Originally Published: January 23, 2010 9:50 p.m.
Granville Elementary School is the newest school in the Humboldt Unified School District. Granville opened for students at the start of the 2004-05 school year, but not at its current location on Stover Drive in Prescott Valley. Since construction was not completed, teachers welcomed students at the Bradshaw Mountain High School East Campus on Robert Road.
"Starting school on the high school campus helps to make the teachers and staff a cohesive group," said computer lab aide Robin Berardi, who also serves as the unofficial school historian. "We started the year at the high school and then moved into our new building during the Christmas holiday."
Principal Diana Green sees Granville as a community of teachers, parents and students "working together to solve problems and make things better."
As such, Granville's student body includes children living within the school's boundaries and students from beyond its boundaries.
"I think Granville has the largest number of variances (students outside the boundaries) in the district," Green said. "Parents are choosing to send their children here."
As a writing assignment, fifth-grade teacher Amy Kidd asked her students to interview their parents about why their children were attending Granville.
From those responses, Kidd concluded that Granville's safe location and new building is an initial draw. Teacher involvement or dedication is another commonly mentioned reason, along with teacher communication and creative teaching strategies.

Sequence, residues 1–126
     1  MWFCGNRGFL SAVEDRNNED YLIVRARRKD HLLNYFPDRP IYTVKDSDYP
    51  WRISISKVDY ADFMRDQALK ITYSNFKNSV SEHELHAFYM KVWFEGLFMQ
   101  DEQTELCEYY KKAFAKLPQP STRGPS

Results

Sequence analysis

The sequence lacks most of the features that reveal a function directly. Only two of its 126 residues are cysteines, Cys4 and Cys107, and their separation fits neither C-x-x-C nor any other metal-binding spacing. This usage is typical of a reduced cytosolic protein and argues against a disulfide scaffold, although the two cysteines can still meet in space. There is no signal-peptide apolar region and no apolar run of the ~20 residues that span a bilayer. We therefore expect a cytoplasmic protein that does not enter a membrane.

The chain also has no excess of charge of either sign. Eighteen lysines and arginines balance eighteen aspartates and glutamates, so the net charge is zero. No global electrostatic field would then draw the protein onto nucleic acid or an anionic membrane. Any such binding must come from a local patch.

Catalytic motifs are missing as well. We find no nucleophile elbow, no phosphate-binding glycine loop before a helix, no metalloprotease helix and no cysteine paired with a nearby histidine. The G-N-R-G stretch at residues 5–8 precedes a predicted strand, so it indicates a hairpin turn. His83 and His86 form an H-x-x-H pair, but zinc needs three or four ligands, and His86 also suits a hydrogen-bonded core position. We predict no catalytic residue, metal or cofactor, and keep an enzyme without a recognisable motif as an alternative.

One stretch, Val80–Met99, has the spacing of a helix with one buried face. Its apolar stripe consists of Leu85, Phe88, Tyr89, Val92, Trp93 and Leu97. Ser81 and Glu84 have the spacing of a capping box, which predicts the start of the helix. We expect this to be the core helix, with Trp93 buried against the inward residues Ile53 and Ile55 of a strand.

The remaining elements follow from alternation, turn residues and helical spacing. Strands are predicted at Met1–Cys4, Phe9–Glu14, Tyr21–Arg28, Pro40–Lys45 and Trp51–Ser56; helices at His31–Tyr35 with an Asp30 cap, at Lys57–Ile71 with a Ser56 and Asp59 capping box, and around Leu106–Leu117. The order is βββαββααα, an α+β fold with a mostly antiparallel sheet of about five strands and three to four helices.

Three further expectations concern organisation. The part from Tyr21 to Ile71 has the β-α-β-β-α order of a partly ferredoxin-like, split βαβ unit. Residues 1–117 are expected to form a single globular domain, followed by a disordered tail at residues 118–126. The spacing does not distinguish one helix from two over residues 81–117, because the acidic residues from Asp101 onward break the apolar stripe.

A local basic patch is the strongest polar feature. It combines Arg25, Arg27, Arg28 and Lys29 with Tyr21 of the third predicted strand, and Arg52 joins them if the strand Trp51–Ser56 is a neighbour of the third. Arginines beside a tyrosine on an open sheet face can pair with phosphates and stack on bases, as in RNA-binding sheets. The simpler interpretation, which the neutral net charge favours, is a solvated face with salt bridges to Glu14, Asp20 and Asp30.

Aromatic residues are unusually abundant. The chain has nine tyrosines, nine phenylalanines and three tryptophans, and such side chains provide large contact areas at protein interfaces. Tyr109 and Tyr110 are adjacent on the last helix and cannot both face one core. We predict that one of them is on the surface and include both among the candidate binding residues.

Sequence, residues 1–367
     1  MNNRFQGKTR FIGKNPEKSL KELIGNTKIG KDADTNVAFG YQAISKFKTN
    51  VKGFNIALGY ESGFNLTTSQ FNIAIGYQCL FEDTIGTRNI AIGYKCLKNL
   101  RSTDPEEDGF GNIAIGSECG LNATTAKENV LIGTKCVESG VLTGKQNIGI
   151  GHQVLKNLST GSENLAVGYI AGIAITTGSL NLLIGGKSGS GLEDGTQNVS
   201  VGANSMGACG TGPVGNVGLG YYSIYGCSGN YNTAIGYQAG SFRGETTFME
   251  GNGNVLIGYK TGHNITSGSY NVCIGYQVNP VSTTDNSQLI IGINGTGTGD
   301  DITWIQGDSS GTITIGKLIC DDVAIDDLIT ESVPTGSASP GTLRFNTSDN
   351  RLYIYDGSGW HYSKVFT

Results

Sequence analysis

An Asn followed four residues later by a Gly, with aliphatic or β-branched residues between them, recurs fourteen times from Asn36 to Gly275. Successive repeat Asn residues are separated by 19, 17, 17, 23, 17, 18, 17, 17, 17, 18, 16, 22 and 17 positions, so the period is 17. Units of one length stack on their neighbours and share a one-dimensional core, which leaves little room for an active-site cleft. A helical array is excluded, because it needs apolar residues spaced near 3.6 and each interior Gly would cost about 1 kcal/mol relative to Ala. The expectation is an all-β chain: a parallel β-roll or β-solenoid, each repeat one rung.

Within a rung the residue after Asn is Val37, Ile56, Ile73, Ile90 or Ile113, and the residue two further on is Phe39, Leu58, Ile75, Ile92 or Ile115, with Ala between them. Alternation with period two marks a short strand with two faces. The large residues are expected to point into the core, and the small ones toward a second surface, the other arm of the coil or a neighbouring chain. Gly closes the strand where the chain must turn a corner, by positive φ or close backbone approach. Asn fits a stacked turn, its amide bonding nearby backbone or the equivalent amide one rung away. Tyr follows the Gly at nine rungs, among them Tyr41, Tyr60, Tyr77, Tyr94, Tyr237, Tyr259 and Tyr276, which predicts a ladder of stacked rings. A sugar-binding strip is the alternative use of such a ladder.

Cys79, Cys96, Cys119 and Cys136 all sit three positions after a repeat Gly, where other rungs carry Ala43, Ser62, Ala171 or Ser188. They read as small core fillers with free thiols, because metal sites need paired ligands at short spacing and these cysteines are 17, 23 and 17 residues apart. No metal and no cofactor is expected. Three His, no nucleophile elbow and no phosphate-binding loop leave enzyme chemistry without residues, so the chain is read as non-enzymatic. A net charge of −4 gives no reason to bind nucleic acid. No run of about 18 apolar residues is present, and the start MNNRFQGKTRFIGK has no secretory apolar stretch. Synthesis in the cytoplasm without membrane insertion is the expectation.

As important as writing is, Green said "the number one subject is reading. It is all about reading. We want to create the love of reading in our students."
Granville students participate in the Scholastic Reading Counts programs. As student reading ability and comprehension improve, they receive rewards.
"Students earn points for reading. They can trade those points for books," Berardi said.
"Everywhere students go, reading is happening," Green added. "During the morning announcements we also read things students write."
To start students thinking, Green and her staff have included such things as mystery writers, student problems, trivia and singing in the announcements.
Like other HUSD schools, Granville offers its students before- and after-school programs. Second- and third-grade students can join the Early Reading Club. Fourth- and fifth-graders participate in a lunchtime reading club. Granville also has an early-bird gifted class that offers students extra assistance.
Granville does not offer students a separate art class, but students can join the after-school art club.
"Our teachers donate their time to these clubs," Green said.
Granville is preparing its fifth-grade students to move up to middle school.
"We have departmentalized the fifth grade. This is in response to the middle-school teachers saying the students are not ready," Green said. "The fifth-graders have to change classes, keep agendas, and they are responsible to three different teachers for five subjects."
Granville's principal firmly believes in "teachers guiding students into rigor. And, when we do, students rise to the challenge."
Part of the rigor is teaching kindergarten through fifth grade how to make speeches.
"The kindergarteners start with sentences, and then move onto speeches," Green said.
As important as it is to focus on students' growth, Green thinks it is "very important for teachers to constantly develop their knowledge and grow. You have to grow as a teacher to grow students."
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